Global tablets expected to slow in 2015, led by iPad shipment downturn
IDC says users now waiting longer before upgrading, as legacy software support becomes norm
The worldwide tablet market is set for dramatic deceleration in 2014, according to the latest forecast from International Data Corporation (IDC).
Year-on-year growth will slow to 7.2%, down from 52.5% in 2013, the ICT industry research firm predicted. IDC expects that 2014 will be the first full year of decline in Apple iPad shipments and the Cupertino-based company's shipments shrinkage will lead the overall downturn in the slate form factor.
IDC said neither the iPad nor the overall market slowdown should come as a surprise, as device lifecycles for tablets have continued to lengthen, increasingly resembling those of PCs more than smartphones.
"The tablet market continues to be impacted by a few major trends happening in relevant markets," said Ryan Reith, programme director, Worldwide Quarterly Mobile Device Trackers, IDC.
"In the early stages of the tablet market, device lifecycles were expected to resemble those of smartphones, with replacement occurring every two to three years. What has played out instead is that many tablet owners are holding onto their devices for more than three years and in some instances more than four years. We believe the two major drivers for longer-than-expected tablet lifecycles are legacy software support for older products, especially within iOS, and the increased use of smartphones for a variety of computing tasks."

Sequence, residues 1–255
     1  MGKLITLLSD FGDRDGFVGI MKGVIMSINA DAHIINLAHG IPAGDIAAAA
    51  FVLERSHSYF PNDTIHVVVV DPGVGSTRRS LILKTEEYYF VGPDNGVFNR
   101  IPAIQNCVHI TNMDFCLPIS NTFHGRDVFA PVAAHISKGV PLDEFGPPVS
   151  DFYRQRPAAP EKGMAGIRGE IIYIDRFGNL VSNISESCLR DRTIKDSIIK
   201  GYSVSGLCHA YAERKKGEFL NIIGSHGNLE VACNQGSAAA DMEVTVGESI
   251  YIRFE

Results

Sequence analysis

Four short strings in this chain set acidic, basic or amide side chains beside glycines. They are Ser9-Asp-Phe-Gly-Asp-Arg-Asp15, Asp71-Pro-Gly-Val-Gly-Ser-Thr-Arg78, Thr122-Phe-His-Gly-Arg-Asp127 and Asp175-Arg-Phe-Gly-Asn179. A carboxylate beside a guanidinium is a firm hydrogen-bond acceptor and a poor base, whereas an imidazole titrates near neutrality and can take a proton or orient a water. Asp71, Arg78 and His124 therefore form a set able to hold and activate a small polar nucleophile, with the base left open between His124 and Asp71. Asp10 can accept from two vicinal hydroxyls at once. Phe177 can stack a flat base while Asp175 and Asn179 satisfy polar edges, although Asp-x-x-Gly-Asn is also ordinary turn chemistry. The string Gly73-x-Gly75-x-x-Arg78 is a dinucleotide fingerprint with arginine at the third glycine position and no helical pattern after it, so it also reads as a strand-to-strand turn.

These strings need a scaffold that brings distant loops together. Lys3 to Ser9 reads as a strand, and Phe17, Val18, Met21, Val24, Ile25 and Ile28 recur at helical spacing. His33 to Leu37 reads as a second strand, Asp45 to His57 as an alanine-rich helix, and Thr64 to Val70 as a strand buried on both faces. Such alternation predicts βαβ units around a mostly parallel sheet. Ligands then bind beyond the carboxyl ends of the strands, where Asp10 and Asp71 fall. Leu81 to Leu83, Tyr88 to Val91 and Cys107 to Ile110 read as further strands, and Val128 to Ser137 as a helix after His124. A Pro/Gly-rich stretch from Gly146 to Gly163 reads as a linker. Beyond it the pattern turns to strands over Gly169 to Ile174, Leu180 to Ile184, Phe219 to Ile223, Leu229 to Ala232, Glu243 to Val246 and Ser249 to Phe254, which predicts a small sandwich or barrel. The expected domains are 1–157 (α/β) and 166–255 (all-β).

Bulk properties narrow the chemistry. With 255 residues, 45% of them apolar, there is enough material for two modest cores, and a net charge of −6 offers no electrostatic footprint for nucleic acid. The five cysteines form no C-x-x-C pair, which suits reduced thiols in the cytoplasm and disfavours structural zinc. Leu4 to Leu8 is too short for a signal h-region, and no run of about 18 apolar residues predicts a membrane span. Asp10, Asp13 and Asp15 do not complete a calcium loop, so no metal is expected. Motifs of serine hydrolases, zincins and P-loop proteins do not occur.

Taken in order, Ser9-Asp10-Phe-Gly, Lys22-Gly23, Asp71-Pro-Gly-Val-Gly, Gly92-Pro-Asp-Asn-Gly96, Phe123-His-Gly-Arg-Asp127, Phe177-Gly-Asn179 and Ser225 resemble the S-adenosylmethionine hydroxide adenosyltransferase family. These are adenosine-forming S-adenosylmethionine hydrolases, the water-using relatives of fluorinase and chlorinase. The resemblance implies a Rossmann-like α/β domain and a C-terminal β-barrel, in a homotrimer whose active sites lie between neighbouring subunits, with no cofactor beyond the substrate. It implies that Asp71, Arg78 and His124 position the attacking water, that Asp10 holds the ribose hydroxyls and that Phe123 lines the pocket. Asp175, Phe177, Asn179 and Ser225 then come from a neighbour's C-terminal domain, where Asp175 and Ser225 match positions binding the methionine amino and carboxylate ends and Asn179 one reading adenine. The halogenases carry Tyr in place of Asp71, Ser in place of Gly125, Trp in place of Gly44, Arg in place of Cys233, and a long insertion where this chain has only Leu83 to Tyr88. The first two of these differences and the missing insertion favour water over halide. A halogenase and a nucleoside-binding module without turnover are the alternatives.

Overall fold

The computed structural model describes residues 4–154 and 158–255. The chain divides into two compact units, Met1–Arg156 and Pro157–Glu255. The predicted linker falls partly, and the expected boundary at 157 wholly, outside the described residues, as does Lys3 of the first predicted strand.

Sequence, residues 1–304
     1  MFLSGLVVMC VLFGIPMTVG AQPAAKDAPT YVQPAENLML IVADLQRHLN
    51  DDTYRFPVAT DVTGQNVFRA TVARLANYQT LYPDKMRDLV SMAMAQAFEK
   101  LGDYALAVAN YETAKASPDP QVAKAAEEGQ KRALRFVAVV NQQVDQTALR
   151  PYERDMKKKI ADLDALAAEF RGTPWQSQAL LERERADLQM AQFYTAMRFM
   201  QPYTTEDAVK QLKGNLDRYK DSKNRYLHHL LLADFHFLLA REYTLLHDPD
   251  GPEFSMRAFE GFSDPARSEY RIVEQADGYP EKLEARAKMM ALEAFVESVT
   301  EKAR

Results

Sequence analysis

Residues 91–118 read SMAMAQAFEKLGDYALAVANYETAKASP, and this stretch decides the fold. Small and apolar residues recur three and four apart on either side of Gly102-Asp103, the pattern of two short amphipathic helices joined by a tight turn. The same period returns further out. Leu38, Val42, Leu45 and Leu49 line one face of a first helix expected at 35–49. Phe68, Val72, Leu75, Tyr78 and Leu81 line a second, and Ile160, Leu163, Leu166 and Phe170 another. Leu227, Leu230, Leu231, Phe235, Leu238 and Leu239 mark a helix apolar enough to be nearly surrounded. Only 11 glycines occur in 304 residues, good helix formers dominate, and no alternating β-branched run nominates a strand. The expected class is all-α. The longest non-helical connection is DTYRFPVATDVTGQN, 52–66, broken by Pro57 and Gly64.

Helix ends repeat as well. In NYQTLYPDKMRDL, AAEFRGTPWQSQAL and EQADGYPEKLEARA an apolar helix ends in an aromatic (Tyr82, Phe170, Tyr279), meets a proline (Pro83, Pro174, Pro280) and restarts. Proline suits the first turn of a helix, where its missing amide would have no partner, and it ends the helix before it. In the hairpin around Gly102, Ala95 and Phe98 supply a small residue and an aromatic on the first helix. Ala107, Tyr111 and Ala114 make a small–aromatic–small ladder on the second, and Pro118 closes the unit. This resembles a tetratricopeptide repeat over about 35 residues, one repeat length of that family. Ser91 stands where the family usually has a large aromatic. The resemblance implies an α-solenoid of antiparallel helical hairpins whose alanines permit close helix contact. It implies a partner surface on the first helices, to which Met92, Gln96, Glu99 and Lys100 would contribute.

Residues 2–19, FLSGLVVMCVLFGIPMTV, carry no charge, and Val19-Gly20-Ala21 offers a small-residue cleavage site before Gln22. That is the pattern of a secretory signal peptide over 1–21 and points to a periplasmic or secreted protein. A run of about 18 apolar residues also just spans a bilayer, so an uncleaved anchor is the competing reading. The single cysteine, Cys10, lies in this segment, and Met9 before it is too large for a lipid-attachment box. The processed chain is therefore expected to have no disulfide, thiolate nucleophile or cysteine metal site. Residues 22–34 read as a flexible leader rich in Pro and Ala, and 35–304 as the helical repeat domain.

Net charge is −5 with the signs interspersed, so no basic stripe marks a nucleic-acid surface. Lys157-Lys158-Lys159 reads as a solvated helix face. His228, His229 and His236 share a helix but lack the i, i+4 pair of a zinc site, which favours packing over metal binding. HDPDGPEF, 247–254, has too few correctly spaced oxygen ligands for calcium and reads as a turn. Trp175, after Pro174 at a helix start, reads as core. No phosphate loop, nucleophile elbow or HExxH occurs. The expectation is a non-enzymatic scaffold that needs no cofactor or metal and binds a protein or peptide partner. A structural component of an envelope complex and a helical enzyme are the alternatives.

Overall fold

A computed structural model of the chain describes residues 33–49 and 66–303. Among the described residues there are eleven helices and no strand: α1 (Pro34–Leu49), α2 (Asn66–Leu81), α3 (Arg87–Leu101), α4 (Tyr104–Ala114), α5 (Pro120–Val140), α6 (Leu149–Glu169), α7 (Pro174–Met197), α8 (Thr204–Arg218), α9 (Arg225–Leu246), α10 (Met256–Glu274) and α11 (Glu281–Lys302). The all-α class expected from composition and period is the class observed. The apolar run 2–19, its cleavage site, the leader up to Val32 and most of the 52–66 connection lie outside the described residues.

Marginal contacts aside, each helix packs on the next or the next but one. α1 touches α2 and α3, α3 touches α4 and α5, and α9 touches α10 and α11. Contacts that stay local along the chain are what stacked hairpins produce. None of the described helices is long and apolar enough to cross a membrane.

Among different form factors and product groups, significant advancements have been made recently by hardware manufacturers to advance the two-in-one, or detachable, product category. Devices have become thinner, prices have come down, and more models are available. Despite these advances, shipments of two-in-one devices are only expected to reach 8.7m units in 2014, which is just 4% of the total tablet plus two-in-one market. A large reason for the relatively small uptake has been consumer hesitancy around the Windows 8 platform, which the majority of two-in-one devices are built upon.
"We need to look at how the tablet ecosystem is answering these challenges, and right now we see a lot of pressure on tablet prices and an influx of entry-level products, which ultimately serves Android really well," said Jean Philippe Bouchard, research director, Tablets, IDC. "But we also see tablet manufacturers trying to offset this price pressure by focusing on larger screens and cellular-enabled tablets. The next six months should be really interesting."
Looking forward, IDC said the few unknowns that could impact overall tablet shipments are: the industry reaction to Windows 10; what Google does in this space with Android and Chrome OS; and Apple's rumoured product line expansion (the introduction of a 12.9-inch tablet). Despite all of these unknowns, it seems clear that consumers can be expected to hold onto tablets longer than smartphones.